Brotherhood of St Laurence

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Accounting for population ageing in tax microsimulation modelling by survey reweighting. /

by Cai, Lixin | University of Melbourne. Melbourne Institute of Applied conomic and Social Research | Creedy, John | Kalb, Guyonne.

Publisher: [Parkville, Vic.] Melbourne Institute of Applied Economic and Social Research 2004Online Access: Electronic copy Notes: September 2004 Includes bibliographical references (p. 23)Availability: (1)

Adequacy and equity in retirement incomes : submission to the Strategic Review of Pensions Income and Assets Tests. /

by Brotherhood of St Laurence.

Publisher: Fitzroy, Vic. Brotherhood of St Laurence 1994Description: 11 p.Online Access: Electronic copy Notes: September 1994Availability: Items available for loan: Brotherhood of St Laurence (1).
Items available for reference: BSL Archives (1).

Are older Australians being short changed? An analysis of household living costs /

by Kelly, Simon | National Seniors Productive Ageing Centre.

Publisher: Braddon, A.C.T. National Seniors Productive Ageing Centre 2011Description: PDF.Online Access: Electronic copy Notes: November 2011 Bibliography p. 23 Appendices pp. 24-28Summary: In this report, we examine how well the consumer price index (CPI) measures inflation for the overall Australian community and how living cost pressures are being distributed throughout the population. We focus mainly on older Australian households (those with the head aged 50 years and over) as many of these households are on low incomes, and spend a large proportion of their budget on essential living cost ("non-discretionary") items. ; HOUSEHOLD, INCOME AND LABOUR DYNAMICS IN AUSTRALIA SURVEY (HILDA)Availability: (1)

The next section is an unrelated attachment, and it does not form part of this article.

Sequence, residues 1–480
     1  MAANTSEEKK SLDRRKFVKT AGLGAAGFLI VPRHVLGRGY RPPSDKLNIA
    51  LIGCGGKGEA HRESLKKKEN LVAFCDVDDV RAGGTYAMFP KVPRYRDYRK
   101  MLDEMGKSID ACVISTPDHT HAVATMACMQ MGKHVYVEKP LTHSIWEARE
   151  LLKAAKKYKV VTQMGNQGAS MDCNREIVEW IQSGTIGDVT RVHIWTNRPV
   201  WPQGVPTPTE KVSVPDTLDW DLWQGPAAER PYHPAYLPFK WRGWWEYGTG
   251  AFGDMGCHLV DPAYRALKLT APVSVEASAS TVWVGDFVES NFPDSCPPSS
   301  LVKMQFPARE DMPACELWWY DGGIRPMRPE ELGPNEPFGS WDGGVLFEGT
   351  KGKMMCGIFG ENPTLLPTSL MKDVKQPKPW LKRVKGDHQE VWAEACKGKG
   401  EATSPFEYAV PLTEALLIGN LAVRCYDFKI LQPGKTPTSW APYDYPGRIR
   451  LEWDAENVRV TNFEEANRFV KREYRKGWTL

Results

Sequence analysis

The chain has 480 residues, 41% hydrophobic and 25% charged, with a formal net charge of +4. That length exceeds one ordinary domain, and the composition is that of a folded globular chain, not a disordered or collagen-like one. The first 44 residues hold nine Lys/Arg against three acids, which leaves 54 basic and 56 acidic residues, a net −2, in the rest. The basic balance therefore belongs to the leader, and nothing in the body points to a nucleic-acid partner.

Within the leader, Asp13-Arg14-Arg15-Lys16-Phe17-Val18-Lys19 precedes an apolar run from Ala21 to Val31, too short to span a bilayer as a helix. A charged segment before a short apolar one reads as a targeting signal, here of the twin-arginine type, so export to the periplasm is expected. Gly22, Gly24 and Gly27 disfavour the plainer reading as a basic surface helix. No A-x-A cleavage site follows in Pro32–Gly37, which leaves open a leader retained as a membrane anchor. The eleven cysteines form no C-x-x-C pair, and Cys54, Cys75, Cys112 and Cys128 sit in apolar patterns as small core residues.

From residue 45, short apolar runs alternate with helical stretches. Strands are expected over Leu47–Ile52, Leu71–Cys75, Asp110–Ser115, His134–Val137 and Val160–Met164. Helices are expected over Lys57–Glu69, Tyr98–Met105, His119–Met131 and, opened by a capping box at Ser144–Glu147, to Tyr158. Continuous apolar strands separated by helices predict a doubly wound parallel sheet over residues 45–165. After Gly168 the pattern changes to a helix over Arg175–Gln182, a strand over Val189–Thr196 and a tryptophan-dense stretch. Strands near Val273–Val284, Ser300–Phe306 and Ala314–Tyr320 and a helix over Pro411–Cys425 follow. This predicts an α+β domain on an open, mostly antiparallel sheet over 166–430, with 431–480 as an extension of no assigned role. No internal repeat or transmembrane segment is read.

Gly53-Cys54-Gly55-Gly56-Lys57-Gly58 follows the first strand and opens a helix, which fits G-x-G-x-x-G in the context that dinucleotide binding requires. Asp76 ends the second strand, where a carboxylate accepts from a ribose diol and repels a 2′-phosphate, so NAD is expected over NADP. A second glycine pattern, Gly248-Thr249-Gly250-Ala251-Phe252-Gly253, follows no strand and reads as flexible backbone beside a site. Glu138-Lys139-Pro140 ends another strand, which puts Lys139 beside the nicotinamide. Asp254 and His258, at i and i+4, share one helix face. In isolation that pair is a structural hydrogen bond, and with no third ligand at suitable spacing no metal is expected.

Asset rich, but income poor : Australian housing wealth and retirement /

by Bradbury, Bruce | University of New South Wales. Social Policy Research Centre.

Publisher: Canberra, A.C.T. Australia. Department of Families, Housing, Community Services and Indigenous Affairs 2010Description: viii, 44 p. : ill.Other title: Australia. Department of Families, Housing, Community.Online Access: Electronic copy Notes: Bibliography : p. 43-44Summary: This paper examines patterns of housing wealth among the aged in Australia over time and compares Australian housing wealth patterns with those in North America and Western Europe, to determine if the Australian elderly hold particularly high levels of housing wealth, and if this leads to a relative overconsumption of housing. The paper uses data from the three most recent Australian Bureau of Statistics (ABS) Household Expenditure Surveys (1993/94, 1998/99 and 2003/04).Availability: Items available for loan: Brotherhood of St Laurence (1).

Economic security in old age : addresses by speakers at a conference held in Melbourne on 23rd March, 1960 /

by Old People's Welfare Council of Victoria.

Publisher: Melbourne, Vic. Old People's Welfare Council 1960Description: 24 p.Availability: Items available for loan: Brotherhood of St Laurence (1).

Eliciting Individual Preferences for Pension Reform /

by Fourati, Yosr Abid | Institute for the Study of Labor | O'Donoghue, Cathal.

Publisher: Bonn, Germany Institute for the Study of Labor 2009Description: PDF.Online Access: Electronic copy Summary: A 33-page discussion paper using data from a choice experiment to investigate individual preferences for an alternative state pension scheme based around preferences for cost, poverty, retirement age and pension parametersAvailability: Items available for loan: Brotherhood of St Laurence (1).

New age pensioners - trends in wealth. /

by Lim-Applegate, Hazel | McLean, Peter | Lindenmayer, Phil.

Publisher: 2007Availability: No items available

Pension reform for all : submission to the Pension Review of measures to strengthen the financial security of seniors, carers and people with a disability / BSL

by Brotherhood of St Laurence | Naughtin, Gerrry.